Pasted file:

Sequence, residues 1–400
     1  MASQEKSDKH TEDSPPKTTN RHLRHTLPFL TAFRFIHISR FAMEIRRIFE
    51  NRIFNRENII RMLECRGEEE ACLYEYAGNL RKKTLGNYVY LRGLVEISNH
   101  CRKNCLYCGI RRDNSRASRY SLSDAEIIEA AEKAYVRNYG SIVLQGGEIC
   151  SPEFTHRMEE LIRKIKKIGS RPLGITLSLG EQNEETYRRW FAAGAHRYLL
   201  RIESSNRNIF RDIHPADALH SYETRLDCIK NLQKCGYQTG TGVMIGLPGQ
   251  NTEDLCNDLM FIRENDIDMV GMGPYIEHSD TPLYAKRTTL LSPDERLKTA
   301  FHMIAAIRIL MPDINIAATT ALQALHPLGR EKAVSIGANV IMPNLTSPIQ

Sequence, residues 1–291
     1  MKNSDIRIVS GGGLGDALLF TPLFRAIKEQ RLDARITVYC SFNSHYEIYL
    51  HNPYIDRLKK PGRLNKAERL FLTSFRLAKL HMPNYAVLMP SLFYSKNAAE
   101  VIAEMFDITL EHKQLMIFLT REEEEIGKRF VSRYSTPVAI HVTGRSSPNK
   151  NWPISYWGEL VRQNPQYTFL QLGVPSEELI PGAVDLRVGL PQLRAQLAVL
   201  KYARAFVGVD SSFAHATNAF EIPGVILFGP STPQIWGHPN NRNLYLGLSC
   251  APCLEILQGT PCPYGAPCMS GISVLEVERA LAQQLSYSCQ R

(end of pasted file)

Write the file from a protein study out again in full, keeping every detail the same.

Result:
Sequence, residues 1–400
     1  MASQEKSDKH TEDSPPKTTN RHLRHTLPFL TAFRFIHISR FAMEIRRIFE
    51  NRIFNRENII RMLECRGEEE ACLYEYAGNL RKKTLGNYVY LRGLVEISNH
   101  CRKNCLYCGI RRDNSRASRY SLSDAEIIEA AEKAYVRNYG SIVLQGGEIC
   151  SPEFTHRMEE LIRKIKKIGS RPLGITLSLG EQNEETYRRW FAAGAHRYLL
   201  RIESSNRNIF RDIHPADALH SYETRLDCIK NLQKCGYQTG TGVMIGLPGQ
   251  NTEDLCNDLM FIRENDIDMV GMGPYIEHSD TPLYAKRTTL LSPDERLKTA
   301  FHMIAAIRIL MPDINIAATT ALQALHPLGR EKAVSIGANV IMPNLTSPIQ

Sequence, residues 1–291
     1  MKNSDIRIVS GGGLGDALLF TPLFRAIKEQ RLDARITVYC SFNSHYEIYL
    51  HNPYIDRLKK PGRLNKAERL FLTSFRLAKL HMPNYAVLMP SLFYSKNAAE
   101  VIAEMFDITL EHKQLMIFLT REEEEIGKRF VSRYSTPVAI HVTGRSSPNK
   151  NWPISYWGEL VRQNPQYTFL QLGVPSEELI PGAVDLRVGL PQLRAQLAVL
   201  KYARAFVGVD SSFAHATNAF EIPGVILFGP STPQIWGHPN NRNLYLGLSC
   251  APCLEILQGT PCPYGAPCMS GISVLEVERA LAQQLSYSCQ R